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How to begin Layered Curriculum®:
Read this before beginning!

by Kathie F. Nunley

If it hasn't already occurred to you, it is more than a little risky to design a beautiful Layered Curriculum unit this weekend full of choice and variety and walk into your classroom Monday, hand it to your students and say "Well here you go. You have 2 weeks to do whatever you want. Have fun." Aarrrgghhhhh! You will fail and so will your students.

Unless you have a room of students fresh out of the neighborhood Montessori school, most students have no idea how to operate in a student-centered classroom. And most teachers don't know how to manage a student-centered classroom. So the best advice - go slow. Start with what you do right now and add one component. See how that goes, then add one more piece.

A popular way to begin is to make your unit sheet look like a daily assignment sheet.
e.g.: Day one: Listen to the lecture and choose one of the following two assignments:
1. xxxxxxx
2. xxxxxxx

With this "daily method" you will start the class period with some whole class instruction, then offer the students a choice of two or three assignments which follow your instruction. They must complete one by the end of the class period. Most students can handle that as it looks familiar. They listened to some instruction and now they choose one of two activities to complete within the class time.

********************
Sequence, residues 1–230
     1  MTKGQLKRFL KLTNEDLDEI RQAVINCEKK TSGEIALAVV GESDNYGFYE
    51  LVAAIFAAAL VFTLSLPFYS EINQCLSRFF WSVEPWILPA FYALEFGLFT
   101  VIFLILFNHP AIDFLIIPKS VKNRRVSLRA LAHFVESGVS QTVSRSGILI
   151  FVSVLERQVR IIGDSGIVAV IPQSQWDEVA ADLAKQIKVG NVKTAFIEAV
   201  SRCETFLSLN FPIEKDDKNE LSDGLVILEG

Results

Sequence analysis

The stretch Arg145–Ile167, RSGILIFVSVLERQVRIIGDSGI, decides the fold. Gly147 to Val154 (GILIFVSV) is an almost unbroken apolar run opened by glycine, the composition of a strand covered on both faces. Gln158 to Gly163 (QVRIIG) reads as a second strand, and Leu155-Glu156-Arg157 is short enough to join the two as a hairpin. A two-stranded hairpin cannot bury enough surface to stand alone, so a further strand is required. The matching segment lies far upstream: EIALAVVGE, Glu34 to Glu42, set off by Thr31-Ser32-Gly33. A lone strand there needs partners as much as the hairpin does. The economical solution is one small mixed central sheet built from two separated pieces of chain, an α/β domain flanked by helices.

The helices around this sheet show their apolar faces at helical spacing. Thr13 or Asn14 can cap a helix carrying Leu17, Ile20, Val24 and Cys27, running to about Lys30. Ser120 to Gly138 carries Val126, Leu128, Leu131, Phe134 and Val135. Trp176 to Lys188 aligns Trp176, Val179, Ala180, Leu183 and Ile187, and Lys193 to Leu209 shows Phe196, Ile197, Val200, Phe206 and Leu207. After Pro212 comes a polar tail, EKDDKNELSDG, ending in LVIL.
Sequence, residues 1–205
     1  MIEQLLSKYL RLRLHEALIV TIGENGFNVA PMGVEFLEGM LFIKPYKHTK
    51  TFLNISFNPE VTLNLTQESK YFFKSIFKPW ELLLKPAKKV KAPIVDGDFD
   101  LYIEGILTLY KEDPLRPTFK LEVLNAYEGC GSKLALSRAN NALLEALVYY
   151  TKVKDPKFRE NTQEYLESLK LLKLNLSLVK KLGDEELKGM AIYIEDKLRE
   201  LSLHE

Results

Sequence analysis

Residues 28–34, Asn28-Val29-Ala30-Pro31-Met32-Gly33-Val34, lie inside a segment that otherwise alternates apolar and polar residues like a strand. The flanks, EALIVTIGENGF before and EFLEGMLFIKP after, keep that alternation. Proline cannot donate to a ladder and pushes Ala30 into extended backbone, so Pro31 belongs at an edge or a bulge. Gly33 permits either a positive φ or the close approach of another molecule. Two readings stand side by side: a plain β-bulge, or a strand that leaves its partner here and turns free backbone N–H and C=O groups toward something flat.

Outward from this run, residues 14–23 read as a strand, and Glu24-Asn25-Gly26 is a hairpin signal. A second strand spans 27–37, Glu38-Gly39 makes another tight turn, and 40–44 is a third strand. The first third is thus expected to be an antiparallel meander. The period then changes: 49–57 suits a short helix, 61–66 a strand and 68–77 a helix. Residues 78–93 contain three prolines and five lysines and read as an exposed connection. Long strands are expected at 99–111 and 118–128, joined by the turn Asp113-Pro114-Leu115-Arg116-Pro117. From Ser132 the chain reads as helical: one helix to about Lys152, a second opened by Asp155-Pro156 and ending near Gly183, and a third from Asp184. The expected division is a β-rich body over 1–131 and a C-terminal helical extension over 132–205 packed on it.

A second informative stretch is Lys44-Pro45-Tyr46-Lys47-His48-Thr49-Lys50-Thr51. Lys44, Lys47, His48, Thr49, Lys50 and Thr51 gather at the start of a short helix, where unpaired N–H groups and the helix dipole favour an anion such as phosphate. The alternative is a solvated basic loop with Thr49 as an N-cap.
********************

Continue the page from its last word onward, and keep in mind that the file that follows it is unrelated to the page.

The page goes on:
You can design your whole first unit using this daily method. Students only have to choose between 2 or 3 assignments on any given day and deadlines are strict (something is due today). Homework may or may not be added depending on your subject.

This same advice holds true with assessment. Many teachers start out thinking they have to visit with every student every day about every assignment! That's a great goal, but give yourself time to work up to it. Oral assessment gets more efficient with practice - yours and the students. Start by just discussing one assignment in the unit. Or let the students put a portfolio together and have them select one or two to discuss with you.

Try grading a day behind the students - you grade today's assignments tomorrow while they are working on the current day's work. Have students turn in work every day, but you will visit with them tomorrow.

Finally, start with very short Layered Curriculum units. Two or three days works well, or maybe one week. Keep in mind that your first unit probably won't run smoothly. There will be much you want to change. If you keep it short, you only have to weather a short storm.

Teachers who persist through three units seems to have mastered Layered Curriculum. Don't get discouraged. Start with lots of structure, a format that looks familiar to both you and your students and be prepared to make some mistakes in the beginning. But your efforts are greatly rewarded as students learn to take responsibility and control of their own learning and you feel valued as their facilitator.

Kathie F. Nunley is an educational psychologist, author, researcher and speaker living in southern New Hampshire. Developer of the Layered Curriculum® method of instruction, Dr. Nunley has authored several books and articles on teaching in mixed-ability classrooms and other problems facing today's teachers. Full references and additional teaching and parental tips are available at: http://Help4Teachers.com Email her:
Kathie (at) brains.org

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